Learning Strategy 14: Idea Mapping

Robert Harris
Version Date: February 27, 2014


Idea mapping--also called mind mapping--is a note-taking or outlining (or creative thinking) method for gettiing ideas down on paper. It has some advantages over outlining in the following ways:

Types of Idea Map

Beginning an idea map
While there are many variants, the most common types are the cloud-circle-flowchart style and the treebranch style.

Here is an example of how a simple cloud-style idea map might be created. First, the main idea (sometimes called a Level 1 idea)  is written down in the center of the notetaking paper, and then a cloud is drawn around it. (Drawing the shapes first usually results in shapes too small to fit in the content, resulting in an ugly map. If you write the words first and then draw the cloud around them, the words will always fit perfectly.)

Next, a supporting idea (or two) is written down. Then, to show the connection between the ideas, draw arrowed lines, with the arrow pointing from the superior idea to the subordinate idea. In the example here, color is also used to allow a quick understanding of which and how many different levels of ideas are present.
Idea map with added ideas

From this beginning, you can continue adding Level 2 ideas, or you can add Level 3 ideas, examples, nonexamples, supporting arguments, counterarguments, or whatever fits the material you are mapping. In our example here, we have added a couple of examples, a nonexample, and a Level 3 idea.
(A nonexample is something that is not an example of the subject under discussion. If, for example, you are mapping "Fruits and Vegetables," under fruits, you might have a cloud that says, "A tomato is not a fruit." Nonexamples help clarify and avoid confusion.)

 Note the use of color to allow a quick distinguishing among all the elements.

The flexibility of idea maps can be shown by the ease of adding information wherever there is room on the page and simply drawing an arrow to the cloud idea it applies to. And if the added information applies to more than one idea, multiple connecting lines can be drawn.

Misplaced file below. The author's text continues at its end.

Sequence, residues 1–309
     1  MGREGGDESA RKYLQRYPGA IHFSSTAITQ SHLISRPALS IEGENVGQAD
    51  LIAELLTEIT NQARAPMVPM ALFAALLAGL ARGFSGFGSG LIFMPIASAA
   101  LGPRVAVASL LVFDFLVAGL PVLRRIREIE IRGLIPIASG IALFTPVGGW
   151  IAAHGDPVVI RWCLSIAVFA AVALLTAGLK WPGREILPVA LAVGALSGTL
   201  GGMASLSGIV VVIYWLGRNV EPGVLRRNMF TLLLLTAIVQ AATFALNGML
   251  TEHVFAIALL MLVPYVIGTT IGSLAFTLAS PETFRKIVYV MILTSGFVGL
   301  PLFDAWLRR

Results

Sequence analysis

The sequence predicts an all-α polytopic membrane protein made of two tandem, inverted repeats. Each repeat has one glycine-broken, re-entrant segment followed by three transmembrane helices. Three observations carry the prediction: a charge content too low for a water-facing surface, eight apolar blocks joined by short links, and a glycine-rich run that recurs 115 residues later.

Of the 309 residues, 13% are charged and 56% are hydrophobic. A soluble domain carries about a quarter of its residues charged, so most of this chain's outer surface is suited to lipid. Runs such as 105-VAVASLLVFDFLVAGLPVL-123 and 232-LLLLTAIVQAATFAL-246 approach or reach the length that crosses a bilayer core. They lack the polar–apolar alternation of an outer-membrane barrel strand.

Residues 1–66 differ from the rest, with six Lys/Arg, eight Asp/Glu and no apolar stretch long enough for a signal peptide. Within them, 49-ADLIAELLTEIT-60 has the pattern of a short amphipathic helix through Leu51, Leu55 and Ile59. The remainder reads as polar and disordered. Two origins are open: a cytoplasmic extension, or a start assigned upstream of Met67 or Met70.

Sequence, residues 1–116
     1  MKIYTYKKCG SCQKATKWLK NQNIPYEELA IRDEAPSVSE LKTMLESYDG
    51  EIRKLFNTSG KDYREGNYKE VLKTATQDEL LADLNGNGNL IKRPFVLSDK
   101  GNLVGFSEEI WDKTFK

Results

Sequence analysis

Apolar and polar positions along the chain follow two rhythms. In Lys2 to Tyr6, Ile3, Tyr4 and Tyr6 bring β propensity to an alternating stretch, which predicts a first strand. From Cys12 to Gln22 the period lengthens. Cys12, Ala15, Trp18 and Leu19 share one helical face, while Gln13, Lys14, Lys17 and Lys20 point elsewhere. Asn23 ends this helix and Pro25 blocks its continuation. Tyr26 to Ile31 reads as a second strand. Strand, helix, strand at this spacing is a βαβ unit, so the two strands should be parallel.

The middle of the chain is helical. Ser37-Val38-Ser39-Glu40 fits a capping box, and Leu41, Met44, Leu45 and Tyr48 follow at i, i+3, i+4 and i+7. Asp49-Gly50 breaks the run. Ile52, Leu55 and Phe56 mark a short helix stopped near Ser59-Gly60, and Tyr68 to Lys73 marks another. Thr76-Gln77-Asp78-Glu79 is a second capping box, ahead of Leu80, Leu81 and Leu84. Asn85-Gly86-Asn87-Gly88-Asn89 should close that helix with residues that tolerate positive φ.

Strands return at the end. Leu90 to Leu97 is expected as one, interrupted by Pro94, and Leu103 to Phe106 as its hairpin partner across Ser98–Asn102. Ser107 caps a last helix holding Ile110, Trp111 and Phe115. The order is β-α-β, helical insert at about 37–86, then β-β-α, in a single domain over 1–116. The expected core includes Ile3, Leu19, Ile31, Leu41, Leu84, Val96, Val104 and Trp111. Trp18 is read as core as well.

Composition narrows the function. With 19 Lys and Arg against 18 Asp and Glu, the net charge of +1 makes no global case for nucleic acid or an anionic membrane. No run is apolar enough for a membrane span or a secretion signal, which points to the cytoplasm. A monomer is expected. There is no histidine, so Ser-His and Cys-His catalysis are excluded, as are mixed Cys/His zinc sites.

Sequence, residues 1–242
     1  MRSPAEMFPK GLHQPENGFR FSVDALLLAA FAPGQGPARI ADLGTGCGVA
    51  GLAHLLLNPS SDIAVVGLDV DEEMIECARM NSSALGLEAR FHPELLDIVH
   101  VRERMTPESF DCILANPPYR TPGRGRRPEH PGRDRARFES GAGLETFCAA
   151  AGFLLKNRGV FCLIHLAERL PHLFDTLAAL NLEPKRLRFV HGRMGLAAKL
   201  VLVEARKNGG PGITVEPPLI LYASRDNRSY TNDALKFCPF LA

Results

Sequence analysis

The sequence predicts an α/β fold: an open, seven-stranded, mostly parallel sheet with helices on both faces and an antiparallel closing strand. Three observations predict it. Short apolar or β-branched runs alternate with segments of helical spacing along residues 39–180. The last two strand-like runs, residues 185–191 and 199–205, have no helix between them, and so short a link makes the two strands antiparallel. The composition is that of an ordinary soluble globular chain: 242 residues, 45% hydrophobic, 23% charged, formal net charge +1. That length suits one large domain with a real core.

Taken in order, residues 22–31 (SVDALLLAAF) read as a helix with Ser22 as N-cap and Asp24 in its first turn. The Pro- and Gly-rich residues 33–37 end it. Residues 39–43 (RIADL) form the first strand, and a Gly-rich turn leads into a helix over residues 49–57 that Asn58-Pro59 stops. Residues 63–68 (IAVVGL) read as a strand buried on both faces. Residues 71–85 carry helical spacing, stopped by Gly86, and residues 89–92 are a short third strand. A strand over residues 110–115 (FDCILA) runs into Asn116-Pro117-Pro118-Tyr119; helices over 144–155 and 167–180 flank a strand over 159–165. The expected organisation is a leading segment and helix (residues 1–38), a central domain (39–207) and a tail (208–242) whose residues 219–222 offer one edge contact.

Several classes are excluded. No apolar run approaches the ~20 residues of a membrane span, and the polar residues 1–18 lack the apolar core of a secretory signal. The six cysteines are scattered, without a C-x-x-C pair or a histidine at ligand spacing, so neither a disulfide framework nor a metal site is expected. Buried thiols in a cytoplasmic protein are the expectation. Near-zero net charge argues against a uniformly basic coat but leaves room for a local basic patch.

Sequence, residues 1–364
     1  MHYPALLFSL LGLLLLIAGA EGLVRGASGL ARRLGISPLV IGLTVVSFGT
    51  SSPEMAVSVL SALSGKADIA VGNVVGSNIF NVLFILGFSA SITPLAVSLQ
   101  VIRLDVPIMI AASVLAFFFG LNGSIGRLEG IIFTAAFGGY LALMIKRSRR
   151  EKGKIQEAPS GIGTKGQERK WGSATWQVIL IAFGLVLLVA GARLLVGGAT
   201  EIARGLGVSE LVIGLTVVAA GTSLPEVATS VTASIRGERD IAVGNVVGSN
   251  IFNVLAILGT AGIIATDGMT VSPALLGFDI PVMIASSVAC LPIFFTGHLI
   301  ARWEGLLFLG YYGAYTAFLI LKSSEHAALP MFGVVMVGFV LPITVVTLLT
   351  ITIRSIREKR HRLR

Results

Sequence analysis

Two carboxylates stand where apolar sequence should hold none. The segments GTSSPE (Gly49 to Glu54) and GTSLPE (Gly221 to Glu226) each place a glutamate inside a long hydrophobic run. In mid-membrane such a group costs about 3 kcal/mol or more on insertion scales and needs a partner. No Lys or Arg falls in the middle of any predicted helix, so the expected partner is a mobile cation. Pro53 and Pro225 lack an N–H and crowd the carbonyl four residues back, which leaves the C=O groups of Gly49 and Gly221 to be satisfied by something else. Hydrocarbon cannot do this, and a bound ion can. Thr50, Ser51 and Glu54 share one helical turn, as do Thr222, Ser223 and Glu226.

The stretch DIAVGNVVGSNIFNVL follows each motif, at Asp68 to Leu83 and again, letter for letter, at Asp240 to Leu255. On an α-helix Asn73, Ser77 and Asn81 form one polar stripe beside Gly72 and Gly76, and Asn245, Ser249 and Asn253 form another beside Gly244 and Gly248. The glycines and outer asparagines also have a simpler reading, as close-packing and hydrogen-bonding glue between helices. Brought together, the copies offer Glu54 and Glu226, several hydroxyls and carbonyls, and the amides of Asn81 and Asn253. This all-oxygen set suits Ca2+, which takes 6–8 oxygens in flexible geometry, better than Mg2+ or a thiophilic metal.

Additionally, you can write notes anywhere, you can bracket sections of the map that have a special relationship or need special commentary, and you can connect any clouds to any others when that is desirable. This is where the map shows its its strength and flexibility, too. By escaping linear connectivity, you are enabled to display more complex relationships.

Final idea map 

Tree Style

An alternate style of idea mapping is the tree or branching map. This style provides the same benefits as the connected-shape style, with the additional advantage of creating easily visualized sub-levels. If you will have several levels (main, sub, sub-sub, sub-sub-sub), then the tree style might work for that application.

Tree Idea Map

Benefits of Idea Mapping


You can use any of several, free, online and downloadable idea mapping (also called mind mapping) software applications, you can use a word processing program that has insertalble shapes. However, to get started, you might learn and practice with a hand drawn map. Just as notetaking increases learning through the physical act of taking down the notes, so drawing out your idea map will help you learn. You can keep some colored pens or markers handy, draw in various sizes and colors, and reinforce certain clouds or balloons by running your pen or pencil over the shape again each time you think about it.

For a really good set of examples of idea maps, use Google's Advanced Image Search on "mind map."

For free mind mapping software, do a Google search on "free mind mapping software."

High Performance Learning

You can create a great comparison test (to determine your maximum effectiveness) and at the same time deeply reinforce your learning by using both a traditional outline format and an idea map for the same material (reading, lecture, video, etc.). Try one format first and then convert it to the other. Then for then for the next project, create the other format first and then convert that.
Ask yourself

VirtualSalt Home
Learning Strategy 1: Mnemonics
Learning Strategy 2: Paraphrasing
Learning Strategy 3: Summarizing
Learning Strategy 4: Self Monitoring
Learning Strategy 5: Self Explanation
Learning Strategy 6: Mental Rehearsal
Learning Strategy 7: Self Assessment
Learning Strategy 8: The SQ3R Reading Method
Learning Strategy 9: Note Taking
Learning Strategy 10: The Leitner Flash Card System
Learning Strategy 11: Maintaining Interest
Learning Strategy 12: Conversation
Learning Strategy 13: Group Interaction
Learning Strategy 14: Idea Mapping
Learning Strategy 15: Drawing Pictures
Learning Strategy 16: Study Cycles
Learning Strategy 17: Sleep and Rest
Learning Strategy 18: Fluency / Automaticity
Learning Strategy 19: Learning Strategy Checklist
Learning Strategy 20: Asking Questions
Learning Strategy 21: Idea Linking
Learning Strategy 22: How to Use a Book
Learning Strategy 23: Active Listening
Learning Strategy 24: Close Reading
Learning Strategy 25: Fluency / Automaticity
Learning Strategy 26: Power Thinking
Learning Strategy 27: Planning for Learning
Learning Strategy 28: Outlining
Learning Strategy 29: Analogies
Copyright 2014 by Robert Harris | CCC 7000520813 | How to cite this page
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About the author:
Robert Harris is a writer and educator with more than 25 years of teaching experience at the college and university level. RHarris at virtualsalt.com